IMR Press / EJGO / Volume 40 / Issue 2 / DOI: 10.12892/ejgo4447.2019
Open Access Original Research
Gynaecological malignancies at a tertiary care centre in Mozambique
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1 Department of Pathology, Maputo Central Hospital, Maputo, Mozambique
2 Faculty of Medicine, Eduardo Mondlane University, Maputo, Mozambique
3 Department of Microbiology, Faculty of Medicine, Eduardo Mondlane University, Maputo, Mozambique
4 Centro de Investigaçao em Saude de Manhiça (CISM), Maputo, Mozambique
5 Department of Preventive Medicine and Epidemiology, Hospital Clinic, Universitat de Barcelona, Spain
6 ISGlobal, Barcelona Ctr. Int. Health Res. (CRESIB), Hospital Clínic - Universitat de Barcelona, Barcelona, Spain
7 Department of Pathology, Hospital Clinic, Universitat de Barcelona, Spain
Eur. J. Gynaecol. Oncol. 2019, 40(2), 295–299;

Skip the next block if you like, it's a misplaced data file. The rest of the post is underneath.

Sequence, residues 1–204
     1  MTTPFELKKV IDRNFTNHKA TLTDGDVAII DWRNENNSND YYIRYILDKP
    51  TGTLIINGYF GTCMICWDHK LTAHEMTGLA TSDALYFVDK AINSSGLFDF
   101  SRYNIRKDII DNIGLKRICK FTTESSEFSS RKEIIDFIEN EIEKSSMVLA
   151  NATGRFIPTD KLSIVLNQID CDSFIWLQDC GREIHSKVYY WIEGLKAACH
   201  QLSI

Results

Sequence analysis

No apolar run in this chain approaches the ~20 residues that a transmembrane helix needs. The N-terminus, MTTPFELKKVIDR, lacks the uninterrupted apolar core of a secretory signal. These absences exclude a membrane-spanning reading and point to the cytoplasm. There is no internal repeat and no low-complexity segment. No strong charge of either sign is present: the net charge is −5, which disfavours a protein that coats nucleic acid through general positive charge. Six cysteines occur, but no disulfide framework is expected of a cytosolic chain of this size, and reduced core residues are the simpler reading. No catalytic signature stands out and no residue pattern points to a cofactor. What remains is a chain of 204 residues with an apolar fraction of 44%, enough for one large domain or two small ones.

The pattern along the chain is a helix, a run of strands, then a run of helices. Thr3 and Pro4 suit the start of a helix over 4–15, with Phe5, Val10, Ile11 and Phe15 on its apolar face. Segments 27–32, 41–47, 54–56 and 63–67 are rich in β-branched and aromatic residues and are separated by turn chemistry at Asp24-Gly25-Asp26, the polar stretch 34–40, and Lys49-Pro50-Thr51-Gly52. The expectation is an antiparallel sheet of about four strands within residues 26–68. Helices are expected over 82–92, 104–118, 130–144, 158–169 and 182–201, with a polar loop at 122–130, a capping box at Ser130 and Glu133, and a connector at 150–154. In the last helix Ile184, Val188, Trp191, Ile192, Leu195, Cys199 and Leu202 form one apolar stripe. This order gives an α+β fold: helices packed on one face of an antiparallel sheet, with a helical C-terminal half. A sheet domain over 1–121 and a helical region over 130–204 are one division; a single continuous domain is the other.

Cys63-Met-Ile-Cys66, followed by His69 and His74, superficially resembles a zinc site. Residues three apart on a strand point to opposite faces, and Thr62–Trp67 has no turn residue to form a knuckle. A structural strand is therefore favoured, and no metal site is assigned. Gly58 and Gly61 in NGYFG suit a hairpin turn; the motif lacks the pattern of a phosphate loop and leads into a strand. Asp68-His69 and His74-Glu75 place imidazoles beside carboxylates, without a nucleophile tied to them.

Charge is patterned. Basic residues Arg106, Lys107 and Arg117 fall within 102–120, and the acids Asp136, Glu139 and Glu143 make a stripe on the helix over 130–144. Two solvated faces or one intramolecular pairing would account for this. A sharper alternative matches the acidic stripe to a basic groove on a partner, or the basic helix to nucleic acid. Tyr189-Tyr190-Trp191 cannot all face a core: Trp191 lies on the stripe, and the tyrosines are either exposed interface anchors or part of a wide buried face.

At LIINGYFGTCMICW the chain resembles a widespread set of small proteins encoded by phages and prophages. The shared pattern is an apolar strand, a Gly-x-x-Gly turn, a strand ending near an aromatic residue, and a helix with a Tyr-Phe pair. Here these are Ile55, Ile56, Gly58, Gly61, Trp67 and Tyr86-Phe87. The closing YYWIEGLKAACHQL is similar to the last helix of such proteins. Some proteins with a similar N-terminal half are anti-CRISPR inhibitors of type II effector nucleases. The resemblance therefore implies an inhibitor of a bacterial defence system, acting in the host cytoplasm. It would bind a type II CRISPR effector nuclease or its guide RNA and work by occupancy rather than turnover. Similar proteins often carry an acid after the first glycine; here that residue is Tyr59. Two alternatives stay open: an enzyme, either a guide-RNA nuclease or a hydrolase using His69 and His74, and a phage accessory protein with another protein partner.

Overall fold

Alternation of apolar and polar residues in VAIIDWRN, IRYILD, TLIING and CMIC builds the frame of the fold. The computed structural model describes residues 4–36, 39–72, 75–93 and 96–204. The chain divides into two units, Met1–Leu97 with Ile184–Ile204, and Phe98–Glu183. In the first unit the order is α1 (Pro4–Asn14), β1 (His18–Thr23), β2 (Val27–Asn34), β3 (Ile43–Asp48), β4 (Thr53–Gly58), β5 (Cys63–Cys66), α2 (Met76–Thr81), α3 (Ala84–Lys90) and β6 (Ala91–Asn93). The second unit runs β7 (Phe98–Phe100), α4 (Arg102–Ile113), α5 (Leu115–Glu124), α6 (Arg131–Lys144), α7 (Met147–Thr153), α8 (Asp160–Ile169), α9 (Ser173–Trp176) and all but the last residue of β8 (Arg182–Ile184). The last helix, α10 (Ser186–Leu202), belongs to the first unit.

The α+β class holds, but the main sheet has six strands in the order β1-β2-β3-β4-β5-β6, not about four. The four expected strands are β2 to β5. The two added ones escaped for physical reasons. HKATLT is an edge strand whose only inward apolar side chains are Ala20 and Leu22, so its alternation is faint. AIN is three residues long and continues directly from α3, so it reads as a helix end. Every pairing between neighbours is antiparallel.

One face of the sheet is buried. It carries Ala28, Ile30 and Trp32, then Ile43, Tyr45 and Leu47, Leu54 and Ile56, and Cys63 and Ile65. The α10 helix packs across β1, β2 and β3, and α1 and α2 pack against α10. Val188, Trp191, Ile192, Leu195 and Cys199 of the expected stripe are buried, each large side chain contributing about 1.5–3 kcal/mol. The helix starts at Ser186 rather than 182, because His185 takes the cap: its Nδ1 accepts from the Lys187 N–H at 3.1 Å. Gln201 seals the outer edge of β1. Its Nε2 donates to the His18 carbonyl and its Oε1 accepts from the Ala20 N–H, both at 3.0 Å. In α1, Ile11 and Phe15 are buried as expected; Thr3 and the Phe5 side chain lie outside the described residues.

Published: 10 April 2019

Objective: To determine the frequency of gynaecological cancers over an 18-year-period in Mozambique a country located in South Eastern sub-Saharan Africa, an area in which comprehensive statistics on cancer are limited. Materials and Methods: Retrospective review of the pathological records of gynaecological cancers at the Maputo Central Hospital from January 1991 to December 2008. Results: 3,726 gynaecological cancers were reported. Malignant neoplasms of the uterine cervix (64.0% of all tumours) were the most frequent cancers, followed by breast (23.2%), vulvar-vaginal (4.1%), ovarian cancers (3.8%), cancers of the uterine corpus (3.3%), and gestational choriocarcinoma (1.7%). Tumours of the uterine cervix, vulva/vagina, uterine corpus, and ovary increased in number three times, whereas breast cancers increased five times during the study period. Conclusions: Malignant tumours related to human papillomavirus (HPV) accounted for over two-thirds of all malignancies. Screening for cervical cancer and vaccination against HPV should be a health priority in sub-Saharan Africa.

Gynaecological cancer
Cervical cancer
Human papillomavirus
Sub-Saharan Africa
Figure 1.
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